D.C. Police Chief Maurice T. Turner said last night that his department will fall about 35 officers short of attaining a congressionally mandated force of 3,880 uniformed officers next year under the budget proposed by Mayor Marion Barry.
Turner also differed sharply with several of Barry's proposed policy changes affecting the police department, including the closing of Cedar Knoll, a detention facility in Laurel for District youths, and the closing of the police and fire clinic.
Turner, responding to questions from City Council members during a hearing on the department's proposed $139.5 million operating budget for fiscal 1984, also said that the budget was not adequate to fund a proposed four-year program to hire 292 civilians to take over some administrative tasks now handled by uniformed officers.
"There's no money . . . for it," Turner said.
Turner told the council members during the hearing at Ballou High School in Southeast Washington that the police department has 3,870 officers, 10 short of the minimum set by Congress in previous budgets.
He said the department will begin hiring about 35 officers next week, but that attrition during the fiscal year beginning Oct. 1 would drop the number to 3,845. "I don't know what Congress will do" about that level, Turner said in response to a reporter's questions after the hearing.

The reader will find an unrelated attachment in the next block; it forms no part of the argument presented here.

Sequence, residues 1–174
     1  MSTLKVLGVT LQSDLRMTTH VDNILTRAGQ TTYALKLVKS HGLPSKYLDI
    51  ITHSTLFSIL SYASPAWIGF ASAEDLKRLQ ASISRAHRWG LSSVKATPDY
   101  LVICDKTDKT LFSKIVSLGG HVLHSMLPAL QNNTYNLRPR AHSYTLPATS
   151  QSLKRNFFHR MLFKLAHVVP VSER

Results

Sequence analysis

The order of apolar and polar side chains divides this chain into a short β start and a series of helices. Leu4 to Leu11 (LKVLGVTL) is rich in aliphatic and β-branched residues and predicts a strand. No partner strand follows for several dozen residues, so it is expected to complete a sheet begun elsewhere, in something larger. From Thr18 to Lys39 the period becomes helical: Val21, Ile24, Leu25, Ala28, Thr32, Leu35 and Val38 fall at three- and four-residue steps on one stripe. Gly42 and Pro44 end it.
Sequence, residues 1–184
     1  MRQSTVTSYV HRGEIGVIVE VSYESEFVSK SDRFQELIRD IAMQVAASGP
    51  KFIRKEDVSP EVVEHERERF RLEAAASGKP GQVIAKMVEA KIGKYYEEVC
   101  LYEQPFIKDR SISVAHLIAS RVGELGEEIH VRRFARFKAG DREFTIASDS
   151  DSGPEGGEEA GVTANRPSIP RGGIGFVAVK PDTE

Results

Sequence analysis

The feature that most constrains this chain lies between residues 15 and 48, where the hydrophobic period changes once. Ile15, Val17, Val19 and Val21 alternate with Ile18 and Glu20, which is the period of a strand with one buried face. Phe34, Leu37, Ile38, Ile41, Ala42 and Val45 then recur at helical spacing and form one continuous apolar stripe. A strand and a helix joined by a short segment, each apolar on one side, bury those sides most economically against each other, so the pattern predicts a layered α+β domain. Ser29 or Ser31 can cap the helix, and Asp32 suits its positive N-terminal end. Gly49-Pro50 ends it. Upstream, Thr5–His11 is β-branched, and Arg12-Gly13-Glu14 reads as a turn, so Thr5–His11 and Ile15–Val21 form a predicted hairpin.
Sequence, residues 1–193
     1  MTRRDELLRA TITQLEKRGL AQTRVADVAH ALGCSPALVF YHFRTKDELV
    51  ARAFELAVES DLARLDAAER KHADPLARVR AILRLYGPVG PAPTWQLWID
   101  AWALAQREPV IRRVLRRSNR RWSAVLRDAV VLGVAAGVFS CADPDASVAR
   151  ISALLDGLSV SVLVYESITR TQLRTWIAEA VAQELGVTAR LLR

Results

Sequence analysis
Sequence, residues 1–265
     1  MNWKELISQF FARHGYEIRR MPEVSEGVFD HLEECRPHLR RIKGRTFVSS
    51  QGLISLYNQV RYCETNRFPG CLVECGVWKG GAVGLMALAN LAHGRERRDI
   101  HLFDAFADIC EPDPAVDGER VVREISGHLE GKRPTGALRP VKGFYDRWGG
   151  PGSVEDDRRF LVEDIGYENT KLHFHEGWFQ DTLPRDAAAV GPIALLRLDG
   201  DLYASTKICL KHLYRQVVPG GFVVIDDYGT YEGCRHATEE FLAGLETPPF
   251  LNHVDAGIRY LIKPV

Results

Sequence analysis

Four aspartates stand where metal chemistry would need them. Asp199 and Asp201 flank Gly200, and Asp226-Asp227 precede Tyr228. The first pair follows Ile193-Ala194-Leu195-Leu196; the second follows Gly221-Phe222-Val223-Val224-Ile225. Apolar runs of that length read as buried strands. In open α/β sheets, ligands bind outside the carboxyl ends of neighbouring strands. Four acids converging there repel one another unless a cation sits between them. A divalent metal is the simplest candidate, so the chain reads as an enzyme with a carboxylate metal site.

He said the department was keeping the higher figure as a "goal."
Turner also revealed at the hearing that the city's month-old ban on the sale of drug paraphernalia is not being enforced. He said his department is working out prosecution standards, and that a letter is being sent to businesses that sell such items warning that the city would soon begin forcing compliance with the ban.
Police, prosecutors and court officials have questioned the city's ability to enforce the law, which is based on a difficult standard that requires merchants to know that purchasers of paraphernalia intend to use the items with illegal drugs.
Asked by council member John Ray (D-At Large) about Cedar Knoll, Turner said juvenile crime increased 10 percent in the city last year, although the overall crime increase was only 4 percent.
He said preliminary plans to place the youths in community shelters or halfway houses was "inappropriate." He said that with "juveniles free to roam, there will be an increase in crime."
The chief said closing the police and fire clinic would amount to a paper savings of about $2 million a year, but that costs actually would rise if officers were allowed to use private physicians to determine the extent of injuries.
"I think the police clinic is valuable and useful," Turner said. "I would have some grave concern if it were closed."